Introduction to "The Reconstruction Convention Simulation".

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Belief 3 - Reading 3 of 31
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Harper's Weekly, December 26, 1863, page 818 (Editorial)
Now that the policy of the Government is maturely settled, it is clear that one of the chief questions of the immediate future will be the care of the freedmen. In ordinary times, when emancipation is enforced by law, as in the case of the British colonies, and especially in Jamaica, the rage and pride of the planters prevent a fair trial of the experiment. They refuse to treat honorably as paid laborers those whom they have been used to drive as cattle, and the inevitable consequence is that the great plantations fall into ruin, and the laborers take to the bush. Nothing is surer than that if the planters of Jamaica had been as equal to the new condition introduced by emancipation as the slaves were, the prosperity of the island would never have been disturbed.
The condition of our emancipated slaves is such as to require the most faithful and intelligent care. The operation of the act is to attract them to our lines. They come in groups of utterly destitute men, women, and children. The most unfortunate of human beings, they yet do not find corresponding sympathy. Even the Government which has freed the, and which invites them to enlist as soldiers, does not treat them honorably, and pays them not the wages of the white soldiers, with whom they bravely fight and nobly fall, but only the ten dollars a month allowed by the law for the general employment of contrabands. Homeless, almost houseless, utterly destitute and dependent, this rapidly-increasing class of our population demand a peculiar care. It is idle to say that no particular class of persons can be provided for, but they must all take their chance, because we recognize that common-sense is the basis of statesmanship when we establish a Bureau of Indian Affairs and a Department of Agriculture. Indians and farmers are the two classes directly interested; but does any body quarrel with the bureaus for that reason?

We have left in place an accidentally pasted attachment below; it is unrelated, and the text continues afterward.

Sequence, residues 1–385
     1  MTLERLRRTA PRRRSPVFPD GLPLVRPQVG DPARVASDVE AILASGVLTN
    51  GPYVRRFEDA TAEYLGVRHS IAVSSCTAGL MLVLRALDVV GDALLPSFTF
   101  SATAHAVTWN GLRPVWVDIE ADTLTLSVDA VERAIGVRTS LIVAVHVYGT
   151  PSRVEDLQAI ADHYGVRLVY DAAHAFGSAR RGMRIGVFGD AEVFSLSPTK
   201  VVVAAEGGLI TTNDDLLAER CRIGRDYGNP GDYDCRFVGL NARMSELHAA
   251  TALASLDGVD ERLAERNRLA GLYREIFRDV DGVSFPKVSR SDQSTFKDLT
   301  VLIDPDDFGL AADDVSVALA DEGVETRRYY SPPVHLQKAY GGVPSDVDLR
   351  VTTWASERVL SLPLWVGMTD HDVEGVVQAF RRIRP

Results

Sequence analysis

The sagacity of the President will undoubtedly lead him to make some proposition to Congress for the establishment of a Freedman’s Bureau, charged with the care of this exceptional class. Davis says in his Message, with a sly leer at Europe, "By the Northern man, on whose deep-rooted prejudices no kindly restraining influence is exercised, they [the freedpeople] are treated with aversion and neglect." But the reluctance to touch the subject, the stupid prejudice against the word Abolitionism, the dull slang about "one idea," must give way to plain practical common-sense, or the country will be dishonored.
Harper's Weekly, December 26, 1863, page 818 (Editorial)

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